Date: Fri, 03 Jan 92 17:35:41 PST From: bryan at tekgen.bv.tek.com Subject: Pitching at high krausen This is one of those obvious things, but I didn't think of it in time. Wort at high krausen has a lot of dissolved CO2 in it. So shaking it to get the slurry off the bottom when pitching is not a very good idea. Bryan Return to table of contents
Date: Fri, 3 Jan 1992 22:46 EDT From: MIKE LIGAS <LIGAS at SSCvax.CIS.McMaster.CA> Subject: Prohibition "Instead of giving money to found colleges to promote learning, why don't they pass a constitutional amendment prohibiting anybody from learning anything? If it works as good as the Prohibition one did, why, in five years we would have the smartest race of people on earth" -- Will Rogers Return to table of contents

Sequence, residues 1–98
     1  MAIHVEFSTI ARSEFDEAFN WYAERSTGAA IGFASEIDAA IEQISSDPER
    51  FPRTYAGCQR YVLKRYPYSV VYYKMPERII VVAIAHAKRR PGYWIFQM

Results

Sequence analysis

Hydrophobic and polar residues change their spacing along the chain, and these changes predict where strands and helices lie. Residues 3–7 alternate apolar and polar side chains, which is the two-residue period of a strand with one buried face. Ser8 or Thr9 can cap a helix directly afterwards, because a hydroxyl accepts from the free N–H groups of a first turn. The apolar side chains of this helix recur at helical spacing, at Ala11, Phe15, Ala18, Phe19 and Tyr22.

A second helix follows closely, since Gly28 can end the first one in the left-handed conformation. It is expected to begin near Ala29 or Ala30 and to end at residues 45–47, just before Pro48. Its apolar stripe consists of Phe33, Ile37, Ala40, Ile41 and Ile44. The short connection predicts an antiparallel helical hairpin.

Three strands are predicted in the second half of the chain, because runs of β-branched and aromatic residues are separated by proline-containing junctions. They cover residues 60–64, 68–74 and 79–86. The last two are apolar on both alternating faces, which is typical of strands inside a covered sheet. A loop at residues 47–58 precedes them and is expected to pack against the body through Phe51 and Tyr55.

Date: Wed, 01 Jan 92 17:25:23 -0600 From: john at warped.phc.org (John A. Palkovic) Subject: re: Oxidation of wort In HOMEBREW Digest #793, kerl at cmack.b11.ingr.com (Dan Kerl) writes, in a nice discussion about wort oxidation: >The rate at which most chemical reactions proceed varies exponentially >with temperature. More correctly, the rate varies exponentially with the negative of the inverse of the temperature.* Assuming that the chemical reaction involved has an activation energy of 1 electron Volt (a guesstimate; anyone know what the real number is?), then in cooling from 200 F to 70 F I calculate that the reaction rate will decrease by a factor of about *2300*. Which is a large amount! Moral of the story - cool your wort before you aerate it (and pitch immediately afterwards). I apologize if this is too technical for this forum, but it is interesting to see how much benefit one gets from cooling the wort. * R.S. Drago, "Principles of Chemistry with Practical Perspectives," Allyn and Bacon, 1974. - --- john at warped.phc.org || palkovic at cs.niu.edu I joined the League for Programming Freedom -- Send mail to league at prep.ai.mit.edu. Return to table of contents